People don’t avoid change as much as it is commonly believed. Change happens all the time. Each morning represents a different day. Life marches forward, and people are happy with the incremental improvements to salary, seniority at work, respect because of the length of tenure. No one wishes to get stuck in a Groundhog Day scenario. (Groundhog Day is a classic Bill Murray movie where he lives the same day over and over again. The main character remembers that he has been through this day before, but everyone else lives the day as if it is the first time.)
Think about this:
- Would you want to win one million dollars?
- Would you refuse a new car delivered to you with no strings attached?
- Would you be happy if you achieved a life goal?
- Would you be excited to hear about an increase on your tax bill?
Most people will be happy with the first three changes, and resistant to the last. We are delighted to make a change when we see that it adds something to our lives. But a change that results in a loss is rarely a change we seek out.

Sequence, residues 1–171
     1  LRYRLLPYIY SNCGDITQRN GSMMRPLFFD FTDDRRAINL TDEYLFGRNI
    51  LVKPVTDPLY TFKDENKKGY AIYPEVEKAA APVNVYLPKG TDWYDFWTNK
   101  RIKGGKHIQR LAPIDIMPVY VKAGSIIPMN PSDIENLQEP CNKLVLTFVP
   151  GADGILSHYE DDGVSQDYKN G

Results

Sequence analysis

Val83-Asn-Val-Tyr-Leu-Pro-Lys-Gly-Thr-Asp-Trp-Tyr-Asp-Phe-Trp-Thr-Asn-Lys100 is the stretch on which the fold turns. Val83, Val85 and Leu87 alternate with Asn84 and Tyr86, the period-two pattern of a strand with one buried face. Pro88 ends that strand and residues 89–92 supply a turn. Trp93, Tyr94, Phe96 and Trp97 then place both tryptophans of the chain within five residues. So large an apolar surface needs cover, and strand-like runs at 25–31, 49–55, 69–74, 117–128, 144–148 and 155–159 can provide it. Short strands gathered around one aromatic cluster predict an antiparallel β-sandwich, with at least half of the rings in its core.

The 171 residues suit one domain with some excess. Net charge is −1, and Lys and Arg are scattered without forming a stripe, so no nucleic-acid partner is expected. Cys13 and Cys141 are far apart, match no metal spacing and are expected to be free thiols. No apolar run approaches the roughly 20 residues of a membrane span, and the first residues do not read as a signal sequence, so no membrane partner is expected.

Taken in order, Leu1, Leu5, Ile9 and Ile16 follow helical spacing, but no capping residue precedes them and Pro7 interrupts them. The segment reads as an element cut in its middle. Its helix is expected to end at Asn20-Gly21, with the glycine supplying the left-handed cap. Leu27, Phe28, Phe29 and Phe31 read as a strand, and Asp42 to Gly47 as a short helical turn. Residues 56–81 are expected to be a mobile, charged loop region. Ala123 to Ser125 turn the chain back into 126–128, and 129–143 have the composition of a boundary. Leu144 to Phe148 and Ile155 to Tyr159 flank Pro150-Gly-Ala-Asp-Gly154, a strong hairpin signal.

You have two choices when faced with a change you didn’t ask for:
- You can refuse to accept the change.
- You can use the change as a catalyst for improvement.
Because loss is the change, we didn’t ask for, finding the point of improvement is relatively easy. If you lose money because of a tax increase, you can use it as a driver to set larger earning targets. If a relationship breaks down, you can use it as motivation to grow in your ability to connect with other people.
No one likes the change they didn’t ask for. These changes will inevitably happen to you. When a change you didn’t ask for occurs, find a way to use the change as a springboard that propels you to the next level.